You may blink normally during the test. You may also pause the test if you feel you need to take a break for a moment.
Because you are looking straight ahead during the test, your doctor can tell which lights you see outside of your central area of vision. Since glaucoma affects peripheral vision, this test helps show if there is vision loss outside of your central visual field.
Lights will be shown in some areas where the machine knows you can’t see them. This is done deliberately to find what is called the “visual threshold,” the area where you cannot see lights half of the time. You may be concerned because you can’t see every light. Rest assured that this is how the test is supposed to work.

People who have age-related macular degeneration (AMD) are familiar with one very basic type of visual field test: the Amsler grid. It is a pattern of straight lines that makes a grid of many equal squares. You look at a dot in the middle of the grid and describe any areas that may appear wavy, blurry or blank.
The Amsler grid is commonly used at home by people with AMD. This test only measures the middle of the visual field, but is a simple yet helpful tool for monitoring vision changes.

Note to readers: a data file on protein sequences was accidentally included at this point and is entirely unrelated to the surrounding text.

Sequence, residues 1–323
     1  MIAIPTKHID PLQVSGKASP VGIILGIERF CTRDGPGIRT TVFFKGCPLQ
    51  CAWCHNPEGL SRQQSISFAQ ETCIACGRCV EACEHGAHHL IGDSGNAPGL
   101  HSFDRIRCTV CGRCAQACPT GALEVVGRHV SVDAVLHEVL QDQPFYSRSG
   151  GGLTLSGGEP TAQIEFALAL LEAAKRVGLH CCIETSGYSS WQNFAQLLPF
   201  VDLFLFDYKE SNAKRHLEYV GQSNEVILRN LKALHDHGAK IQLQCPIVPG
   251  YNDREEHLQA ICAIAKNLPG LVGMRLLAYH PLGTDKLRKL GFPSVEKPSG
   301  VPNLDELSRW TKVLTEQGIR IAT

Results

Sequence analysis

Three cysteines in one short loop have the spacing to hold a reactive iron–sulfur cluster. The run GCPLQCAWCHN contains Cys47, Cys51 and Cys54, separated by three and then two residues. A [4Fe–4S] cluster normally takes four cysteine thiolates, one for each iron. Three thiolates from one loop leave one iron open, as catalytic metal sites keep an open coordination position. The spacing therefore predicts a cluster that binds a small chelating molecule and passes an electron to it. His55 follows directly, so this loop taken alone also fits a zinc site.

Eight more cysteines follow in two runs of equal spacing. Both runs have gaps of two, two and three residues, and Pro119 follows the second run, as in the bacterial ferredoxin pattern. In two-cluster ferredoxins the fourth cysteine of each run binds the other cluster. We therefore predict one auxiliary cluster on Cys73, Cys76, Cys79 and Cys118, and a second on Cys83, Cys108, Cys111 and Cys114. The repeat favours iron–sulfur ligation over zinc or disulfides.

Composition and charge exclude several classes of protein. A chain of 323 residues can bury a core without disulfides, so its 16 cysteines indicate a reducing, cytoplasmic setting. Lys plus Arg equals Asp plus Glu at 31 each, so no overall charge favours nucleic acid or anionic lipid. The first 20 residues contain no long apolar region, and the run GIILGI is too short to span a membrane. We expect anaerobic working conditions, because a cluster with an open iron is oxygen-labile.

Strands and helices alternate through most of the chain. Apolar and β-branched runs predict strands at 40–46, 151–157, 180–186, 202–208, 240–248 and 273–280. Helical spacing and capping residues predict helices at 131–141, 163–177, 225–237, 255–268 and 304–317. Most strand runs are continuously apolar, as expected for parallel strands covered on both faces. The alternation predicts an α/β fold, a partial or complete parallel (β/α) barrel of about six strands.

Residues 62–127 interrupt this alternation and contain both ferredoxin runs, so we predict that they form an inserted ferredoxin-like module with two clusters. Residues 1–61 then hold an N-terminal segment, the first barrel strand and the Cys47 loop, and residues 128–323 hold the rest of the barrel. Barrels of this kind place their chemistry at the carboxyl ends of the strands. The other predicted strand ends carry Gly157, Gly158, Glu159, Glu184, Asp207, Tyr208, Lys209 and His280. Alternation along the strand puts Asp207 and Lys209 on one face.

Who Needs Visual Field Testing?

Visual field testing is an important part of regular eye care for people who are at risk for vision loss from disease and other problems. People with the following conditions should be monitored regularly by their doctor, who will determine how often visual field testing is needed:

  • Glaucoma

  • Multiple sclerosis

  • Hyperthyroidism

  • Pituitary gland disorders

  • Central nervous system problems (such as a tumor that may be pressing on visual parts of the brain)

  • Stroke


People with diabetes and high blood pressure have a greater risk of developing blocked blood vessels in the optic nerve and retina. They may need visual field testing to monitor any effects of these conditions on their vision.
If your visual field is limited, your ability to drive may be in jeopardy. If you are concerned about vision loss or your ability to continue driving, talk with your doctor.